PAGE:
The ‘Motherhood Penalty’ Gets Worse As Women Earn More
Among the most privileged women, every kid means kissing 10% of wages goodbye
Studies have shown, time and again, that a woman’s earning potential takes a hit when she has a kid. In fact, research suggests that the income disparity between mothers and non-mothers is even bigger than the pay gap between men and women. But does this so-called “motherhood penalty” affect all women equally?
A new study set out to test that question and came up with some surprises.
You’d expect that privilege would protect against the motherhood penalty. It turns out, however, that the opposite is true. Among white women only, the most well-paid and highly-skilled see the biggest hit for bearing offspring: a 10 percent loss in wages for each kid that they have.
The study, published in the American Sociological Review, analyzed data from 1979 to 2010 from the National Longitudinal Survey Of Youth. Researchers used data on the respondents’ wages and cognitive skills, which were measured using results from the Armed Forces Qualifying Test, to assess the impact of privilege on the motherhood penalty. The paper focuses on white women, and only briefly touches on black women, in part because not enough women of other racial groups were surveyed to yield useful data.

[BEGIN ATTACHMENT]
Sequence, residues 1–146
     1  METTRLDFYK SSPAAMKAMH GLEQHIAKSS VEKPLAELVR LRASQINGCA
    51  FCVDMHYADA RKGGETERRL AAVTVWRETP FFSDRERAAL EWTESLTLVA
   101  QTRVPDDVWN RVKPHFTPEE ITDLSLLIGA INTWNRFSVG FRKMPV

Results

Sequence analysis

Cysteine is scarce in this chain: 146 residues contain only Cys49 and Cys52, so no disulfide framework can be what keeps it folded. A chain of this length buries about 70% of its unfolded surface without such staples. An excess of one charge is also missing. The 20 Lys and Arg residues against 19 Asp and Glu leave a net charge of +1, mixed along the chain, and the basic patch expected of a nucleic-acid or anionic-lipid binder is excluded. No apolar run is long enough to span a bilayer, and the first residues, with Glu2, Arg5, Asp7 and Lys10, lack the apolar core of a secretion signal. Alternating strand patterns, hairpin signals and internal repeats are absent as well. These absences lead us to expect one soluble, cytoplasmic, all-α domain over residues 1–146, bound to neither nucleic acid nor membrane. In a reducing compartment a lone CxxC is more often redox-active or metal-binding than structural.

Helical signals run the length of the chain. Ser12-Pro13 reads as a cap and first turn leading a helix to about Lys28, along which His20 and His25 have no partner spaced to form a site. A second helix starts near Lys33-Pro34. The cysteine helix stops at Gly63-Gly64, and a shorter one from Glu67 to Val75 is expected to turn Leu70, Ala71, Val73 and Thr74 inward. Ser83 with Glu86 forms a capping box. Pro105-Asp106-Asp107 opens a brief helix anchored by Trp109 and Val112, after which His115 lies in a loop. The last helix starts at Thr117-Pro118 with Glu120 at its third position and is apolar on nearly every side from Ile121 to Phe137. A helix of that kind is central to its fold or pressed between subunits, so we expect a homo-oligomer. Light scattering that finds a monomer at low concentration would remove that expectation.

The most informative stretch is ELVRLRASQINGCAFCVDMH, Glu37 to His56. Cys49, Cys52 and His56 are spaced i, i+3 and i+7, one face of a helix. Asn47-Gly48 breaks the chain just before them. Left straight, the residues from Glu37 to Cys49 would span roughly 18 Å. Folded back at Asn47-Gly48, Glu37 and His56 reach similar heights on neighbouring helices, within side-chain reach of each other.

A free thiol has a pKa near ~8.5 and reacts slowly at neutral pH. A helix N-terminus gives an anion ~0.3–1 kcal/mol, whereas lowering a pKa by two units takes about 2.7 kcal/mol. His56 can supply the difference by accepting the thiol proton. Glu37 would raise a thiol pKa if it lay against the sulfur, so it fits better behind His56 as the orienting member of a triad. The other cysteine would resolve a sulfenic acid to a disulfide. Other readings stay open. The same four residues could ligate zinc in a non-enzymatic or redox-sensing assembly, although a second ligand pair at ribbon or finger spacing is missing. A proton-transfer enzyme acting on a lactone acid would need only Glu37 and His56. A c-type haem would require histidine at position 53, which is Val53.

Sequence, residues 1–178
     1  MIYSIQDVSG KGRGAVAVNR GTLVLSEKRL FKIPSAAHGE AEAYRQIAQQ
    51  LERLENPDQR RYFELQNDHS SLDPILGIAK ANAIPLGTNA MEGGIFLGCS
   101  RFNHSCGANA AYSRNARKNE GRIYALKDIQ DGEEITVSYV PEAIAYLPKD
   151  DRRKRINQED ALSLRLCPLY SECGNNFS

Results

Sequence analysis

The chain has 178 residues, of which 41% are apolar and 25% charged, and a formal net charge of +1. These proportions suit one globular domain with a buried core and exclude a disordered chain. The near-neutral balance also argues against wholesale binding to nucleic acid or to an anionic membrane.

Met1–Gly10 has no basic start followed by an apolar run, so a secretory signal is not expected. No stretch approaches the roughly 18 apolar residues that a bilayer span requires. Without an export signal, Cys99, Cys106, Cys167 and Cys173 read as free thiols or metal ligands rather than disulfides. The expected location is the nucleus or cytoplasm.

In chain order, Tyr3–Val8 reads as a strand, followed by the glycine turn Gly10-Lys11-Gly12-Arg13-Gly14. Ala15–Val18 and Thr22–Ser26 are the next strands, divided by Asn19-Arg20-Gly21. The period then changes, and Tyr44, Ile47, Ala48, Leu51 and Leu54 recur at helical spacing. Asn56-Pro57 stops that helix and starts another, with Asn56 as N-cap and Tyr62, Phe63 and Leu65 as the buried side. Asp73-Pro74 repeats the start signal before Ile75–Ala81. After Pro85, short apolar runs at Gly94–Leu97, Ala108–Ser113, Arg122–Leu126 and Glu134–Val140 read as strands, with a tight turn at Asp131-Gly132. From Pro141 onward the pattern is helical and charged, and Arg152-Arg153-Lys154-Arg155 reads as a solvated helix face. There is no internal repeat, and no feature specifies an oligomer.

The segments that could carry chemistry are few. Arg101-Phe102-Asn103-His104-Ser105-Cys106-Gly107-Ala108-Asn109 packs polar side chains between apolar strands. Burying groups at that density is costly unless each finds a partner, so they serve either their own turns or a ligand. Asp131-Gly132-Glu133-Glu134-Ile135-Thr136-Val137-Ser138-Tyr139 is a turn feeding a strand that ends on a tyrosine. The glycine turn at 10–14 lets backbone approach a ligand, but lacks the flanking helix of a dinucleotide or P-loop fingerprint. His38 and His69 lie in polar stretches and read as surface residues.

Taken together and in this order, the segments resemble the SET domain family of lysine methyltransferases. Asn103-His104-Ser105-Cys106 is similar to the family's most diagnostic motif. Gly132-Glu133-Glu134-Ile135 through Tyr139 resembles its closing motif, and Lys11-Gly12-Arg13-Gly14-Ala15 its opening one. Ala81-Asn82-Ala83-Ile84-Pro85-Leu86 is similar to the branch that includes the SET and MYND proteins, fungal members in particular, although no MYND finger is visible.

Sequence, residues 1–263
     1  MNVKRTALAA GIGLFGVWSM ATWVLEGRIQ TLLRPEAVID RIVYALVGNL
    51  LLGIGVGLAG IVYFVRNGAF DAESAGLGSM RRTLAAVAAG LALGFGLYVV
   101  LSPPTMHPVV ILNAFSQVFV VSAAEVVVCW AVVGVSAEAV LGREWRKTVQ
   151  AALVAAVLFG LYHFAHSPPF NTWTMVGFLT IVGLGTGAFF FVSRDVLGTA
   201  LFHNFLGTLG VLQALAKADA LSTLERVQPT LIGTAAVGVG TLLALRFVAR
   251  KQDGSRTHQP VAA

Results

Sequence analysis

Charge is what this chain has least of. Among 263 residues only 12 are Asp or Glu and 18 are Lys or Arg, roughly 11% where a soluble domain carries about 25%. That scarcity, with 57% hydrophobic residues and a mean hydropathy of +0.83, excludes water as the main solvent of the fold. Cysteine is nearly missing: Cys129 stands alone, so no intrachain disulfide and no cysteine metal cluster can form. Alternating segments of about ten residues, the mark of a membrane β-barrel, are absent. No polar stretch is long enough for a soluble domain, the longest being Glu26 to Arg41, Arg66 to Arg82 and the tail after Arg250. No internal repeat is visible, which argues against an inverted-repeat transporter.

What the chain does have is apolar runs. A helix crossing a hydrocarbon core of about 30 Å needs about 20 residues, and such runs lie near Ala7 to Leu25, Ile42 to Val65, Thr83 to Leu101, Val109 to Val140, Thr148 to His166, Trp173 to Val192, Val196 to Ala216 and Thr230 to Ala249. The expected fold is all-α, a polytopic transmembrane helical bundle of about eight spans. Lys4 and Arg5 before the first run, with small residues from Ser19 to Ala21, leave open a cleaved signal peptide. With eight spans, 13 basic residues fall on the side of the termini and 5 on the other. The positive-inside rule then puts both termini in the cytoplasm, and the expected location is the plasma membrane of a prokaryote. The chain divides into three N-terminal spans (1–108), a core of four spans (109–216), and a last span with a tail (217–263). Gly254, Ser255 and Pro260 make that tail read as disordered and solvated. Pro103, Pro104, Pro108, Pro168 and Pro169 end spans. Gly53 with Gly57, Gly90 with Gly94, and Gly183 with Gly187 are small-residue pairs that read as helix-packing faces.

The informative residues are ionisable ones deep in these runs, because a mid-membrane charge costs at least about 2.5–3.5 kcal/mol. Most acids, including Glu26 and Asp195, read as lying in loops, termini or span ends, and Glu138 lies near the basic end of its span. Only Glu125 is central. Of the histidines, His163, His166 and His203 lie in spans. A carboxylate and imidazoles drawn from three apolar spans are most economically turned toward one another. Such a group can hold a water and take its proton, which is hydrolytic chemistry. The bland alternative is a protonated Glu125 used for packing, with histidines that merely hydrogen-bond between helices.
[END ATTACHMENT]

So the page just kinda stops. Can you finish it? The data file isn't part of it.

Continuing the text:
Overall, the researchers found that highly-skilled white women whose wages landed in the 80th percentile lost 10 percent in wages for each child that they had. This was a much bigger penalty than that experienced by white women who had lower skills or lower wages, or both, which was between 4 and 7 percent.
The study explains these counterintuitive findings by pointing out that highly-skilled, high-earning white women’s wages grow dramatically based on their experience. That means that when they take any time off for motherhood, they lose out on a period of strong wage growth.
Let’s please not forget: Privileged white women may face a higher motherhood penalty, but they are still privileged white women. “Even after they become mothers and suffer the steepest penalty, they are typically affluent because their own earnings are still relatively high, and many of them are married to high-earning men,” said lead author Paula England, a sociology professor at New York University, in a press release. “Given their relative privilege, we might still want to give priority to policies, such as child care subsidies, that help low-income women.” I’d venture more than just “might.”